Canadian Glass Worth Collecting

By Louise Swan

Reprinted from The Hobstar, July 1986


Facts concerning lead glassware cut in Canada are hard to find. Little has been written on the subject. Certain collectors of American Brilliant Period glass are wary of buying Canadian ware. They need not worry if they follow the same criteria as when choosing good U.S. pieces. One must seek a clear blank of good color and accurate cutting. Much Canadian glass resembles U.S. ware because cutters often went to Canada after training here. They used U.S. blanks as well as European, such as Baccarat, but some of our well—known companies also used European blanks occasionally.

No heavy lead crystal suitable for cutting was ever manufactured in Canada, with few exceptions. Burlington Glass Works in Hamilton, Ontario (1875—1909) is said to have made some on special order. Staple products in the 1840s and 1850s were window glass and bottles. The Year Book of 1876 has figures proving that in that year Canadian firms supplied the home market with nearly a million items pressed in soda—lime glass. High customs duties on imports (30% in 1891) protected domestic production.

Canadian1In addition to common bottles, pressed and blown tableware (colored and clear), paperweights, lamp chimneys (sandblasted and engraved), and cuspi— dors, craftsmen made hats, canes, and drapes (glass ornaments connected by glass chains) as whimseys during the lunch hour. This was the situation during the last quarter of the nineteenth century in our neighbor to the north, while our firms, such as Mt. Washington, New England, Dorflinger, Hawkes, and others were cutting large quantities of brilliant ware.

Canadian pieces found for sale now date mainly from 1900 to 1925. Many small shops and a few large ones were set up after 1900. Polishing by acid was done in most shops, but Gundy-Clapperton used wooden and felt wheels as late as 1913.

Gowans,was listed crockery and Kent & Company of Toronto as a wholesale dealer in glassware in 1897. In 1900,G.H. Clapperton, after a ten-year apprenticeship with Libbey, went to work for Gowans, Kent, where he cut the first brilliant cut glass in Canada. The trademark is ELITE-on-a-maple—leaf. (See figs. 1 and 2)

In 1905, Clapperton started his own business, designing and cutting all patterns himself. In 1906, he was joined by N.F. Gundy under the name Gundy-Clapperton Company. For about ten years, the trademark was GCCo-in-a--shamrock, then was changed to C-in-a-shamrock. In the early 1920s, the mark was omitted from smaller items. Blanks came from Baccarat of France, Val St. Lambert of Belgium, Libbey, Fry, Union Glass (Mass.), and Dorflinger.

The vase (fig. 3) is signed BIRKS in addition to the Gundy-Clapperton trefoil, an instance of the common practice of adding the distributor’s name to that of the cutter. I have also seen 0. B. ALLEN, VANCOUVER, and DINGWALL above or below the cloverleaf.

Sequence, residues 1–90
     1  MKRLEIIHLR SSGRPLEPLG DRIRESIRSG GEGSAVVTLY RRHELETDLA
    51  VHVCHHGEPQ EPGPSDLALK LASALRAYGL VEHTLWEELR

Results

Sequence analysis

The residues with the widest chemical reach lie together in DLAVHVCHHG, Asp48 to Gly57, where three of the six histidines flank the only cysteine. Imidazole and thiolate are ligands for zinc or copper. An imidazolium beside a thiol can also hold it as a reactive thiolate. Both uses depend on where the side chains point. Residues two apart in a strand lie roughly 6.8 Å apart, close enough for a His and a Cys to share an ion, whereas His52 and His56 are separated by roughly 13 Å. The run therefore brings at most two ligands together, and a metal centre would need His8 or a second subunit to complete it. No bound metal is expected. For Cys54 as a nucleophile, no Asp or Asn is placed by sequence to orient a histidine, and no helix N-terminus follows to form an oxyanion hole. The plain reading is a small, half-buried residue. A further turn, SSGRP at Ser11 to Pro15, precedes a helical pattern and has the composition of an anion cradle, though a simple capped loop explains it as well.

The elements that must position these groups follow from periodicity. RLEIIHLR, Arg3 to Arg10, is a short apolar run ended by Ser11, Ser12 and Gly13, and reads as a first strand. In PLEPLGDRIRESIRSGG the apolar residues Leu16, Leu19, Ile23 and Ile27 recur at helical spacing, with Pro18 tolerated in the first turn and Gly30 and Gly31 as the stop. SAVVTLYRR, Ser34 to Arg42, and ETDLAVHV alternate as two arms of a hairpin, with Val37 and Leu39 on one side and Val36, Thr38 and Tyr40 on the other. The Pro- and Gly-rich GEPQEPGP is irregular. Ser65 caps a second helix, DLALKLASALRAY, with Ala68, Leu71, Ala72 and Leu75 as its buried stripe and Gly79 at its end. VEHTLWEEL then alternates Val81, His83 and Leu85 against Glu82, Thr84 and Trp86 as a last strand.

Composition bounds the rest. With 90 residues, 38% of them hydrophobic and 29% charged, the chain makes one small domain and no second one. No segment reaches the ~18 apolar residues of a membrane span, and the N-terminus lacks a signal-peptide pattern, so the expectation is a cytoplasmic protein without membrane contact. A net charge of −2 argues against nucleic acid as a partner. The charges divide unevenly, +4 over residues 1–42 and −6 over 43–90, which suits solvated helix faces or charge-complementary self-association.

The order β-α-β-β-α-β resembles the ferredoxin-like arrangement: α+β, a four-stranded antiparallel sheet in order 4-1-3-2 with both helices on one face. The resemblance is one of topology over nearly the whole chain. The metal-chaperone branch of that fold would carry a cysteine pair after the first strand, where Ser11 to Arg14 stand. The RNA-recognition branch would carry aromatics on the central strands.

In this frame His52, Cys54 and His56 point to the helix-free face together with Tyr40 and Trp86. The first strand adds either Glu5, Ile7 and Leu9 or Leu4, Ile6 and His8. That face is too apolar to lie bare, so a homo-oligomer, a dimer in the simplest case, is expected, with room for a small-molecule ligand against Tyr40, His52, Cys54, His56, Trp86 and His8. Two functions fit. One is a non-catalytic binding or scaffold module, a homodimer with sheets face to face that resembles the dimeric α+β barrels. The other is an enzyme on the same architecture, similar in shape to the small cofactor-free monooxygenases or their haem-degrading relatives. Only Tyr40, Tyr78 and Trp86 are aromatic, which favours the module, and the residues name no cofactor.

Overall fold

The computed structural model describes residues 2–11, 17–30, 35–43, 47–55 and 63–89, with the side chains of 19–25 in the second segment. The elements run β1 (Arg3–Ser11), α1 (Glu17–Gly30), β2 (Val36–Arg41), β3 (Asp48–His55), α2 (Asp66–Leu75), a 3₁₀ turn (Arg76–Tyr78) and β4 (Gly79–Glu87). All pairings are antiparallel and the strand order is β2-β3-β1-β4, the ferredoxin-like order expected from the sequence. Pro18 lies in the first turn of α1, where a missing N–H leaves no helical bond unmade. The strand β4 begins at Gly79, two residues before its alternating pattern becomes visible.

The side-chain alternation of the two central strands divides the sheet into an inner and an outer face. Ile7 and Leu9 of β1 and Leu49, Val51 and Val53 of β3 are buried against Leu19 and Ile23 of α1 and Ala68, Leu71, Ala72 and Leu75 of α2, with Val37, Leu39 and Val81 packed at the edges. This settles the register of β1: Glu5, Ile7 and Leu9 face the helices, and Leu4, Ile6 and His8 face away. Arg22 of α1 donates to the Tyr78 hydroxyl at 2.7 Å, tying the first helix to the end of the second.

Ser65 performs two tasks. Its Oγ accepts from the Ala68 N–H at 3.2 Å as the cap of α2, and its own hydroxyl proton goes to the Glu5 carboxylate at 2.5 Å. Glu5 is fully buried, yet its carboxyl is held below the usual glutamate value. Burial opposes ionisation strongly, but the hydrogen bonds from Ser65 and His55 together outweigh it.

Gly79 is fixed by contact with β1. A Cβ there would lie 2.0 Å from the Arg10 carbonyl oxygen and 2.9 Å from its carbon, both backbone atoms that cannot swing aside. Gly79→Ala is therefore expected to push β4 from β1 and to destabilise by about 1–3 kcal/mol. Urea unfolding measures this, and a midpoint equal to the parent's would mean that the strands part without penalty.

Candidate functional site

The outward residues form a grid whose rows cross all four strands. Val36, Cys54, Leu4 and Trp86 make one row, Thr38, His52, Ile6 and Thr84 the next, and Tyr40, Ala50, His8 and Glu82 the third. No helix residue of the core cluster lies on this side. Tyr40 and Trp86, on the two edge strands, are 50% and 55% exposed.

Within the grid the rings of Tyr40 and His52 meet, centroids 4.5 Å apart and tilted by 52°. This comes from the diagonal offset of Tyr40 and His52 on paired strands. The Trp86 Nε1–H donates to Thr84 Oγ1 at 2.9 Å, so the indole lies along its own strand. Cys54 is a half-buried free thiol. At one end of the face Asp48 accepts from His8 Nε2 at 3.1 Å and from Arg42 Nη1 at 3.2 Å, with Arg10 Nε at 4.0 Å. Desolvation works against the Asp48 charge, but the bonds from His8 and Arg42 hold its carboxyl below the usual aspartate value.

The signed tray (fig. 4) in "Hob Star" is the highest in quality of cutting and blank, while the cream and sugar set (fig. 5) is nicely decorated by stone engraving.

Roden Brothers started in Montreal in 1879 as silversmiths and jewelers. They opened branches in Toronto and other cities in Canada and in London after 1900. Some of their glass is signed PORT/&/MARKLE—in—a-circle. We do not know when they started cutting geometric and floral designs on lead glass, but the trademark, an ornate R-with-flankinglions, is dated 1901.

Two patterns nearly identical with those of Meriden (Connecticut) were registered in November, 1910: "Old Irish" and "Norman," similar to "Alhambra." The signed berry bowl in "Edna" (fig. 6) compares favorably with Egginton glass.

We have discovered facts concerning the following cutting shops:
St. Lawrence Glass Company of Montreal (1867-1875) advertised "the finest kinds of pressed and cut Flint Glassware," yet ads mentioned only cut lamp shades, and "flint" meant "colorless."

Nova Scotia Glass Company of Trenton (1881—1892) was decorating pressed and mold-blown pieces with both cutting and engraving. Cutters were mainly Bohemians.

Robert McCausland, Ltd. of Toronto (1856—?): artists in stained glass for churches. They also cut glass. George Phillips & Company, Ltd. Of Montreal (1907—?) and these in Ontario: Belleville Cut Glass Company (1912—?); Lakefield Cut Glass Company (1915—1920), which sometimes marked glass with a small Union Jack; and Ottawa Cut Glass Company (1913—?)——all were active.

Canadian2A trademark with NACGMCo, arranged around a circle between points of a six— pointed star with a number in the center, has been called a Canadian mark (fig. 7). NATIONAL was above and ASSOCN below the number. Number 3 was assigned to Phillips Cut Glass Company in Montreal. The symbol was adopted in 1922 by a group called National Association of Cut Glass Manufacturers, organized in Buffalo, N.Y., 17 August 1911; incorporated in Pennsylvania, 9 March 1921. It remained active until 1942. Its purpose was to uphold standards. Of eighty-four members recalled by Raymond Fender (secretary from beginning to end) for Albert Christian Revi, George Phillips Company and Gundy-Clapperton were the only Canadian firms. See pp. 461—3 in Revi’s American Cut & Engraved Glass for a list of prestigious American firms who belonged, and pp. 266-71 in my American Cut & Engraved Glass of the Brilliant Period (published in 1988 by WallaceHomestead) for additional details and photos of Canadian ware.

Back to articles index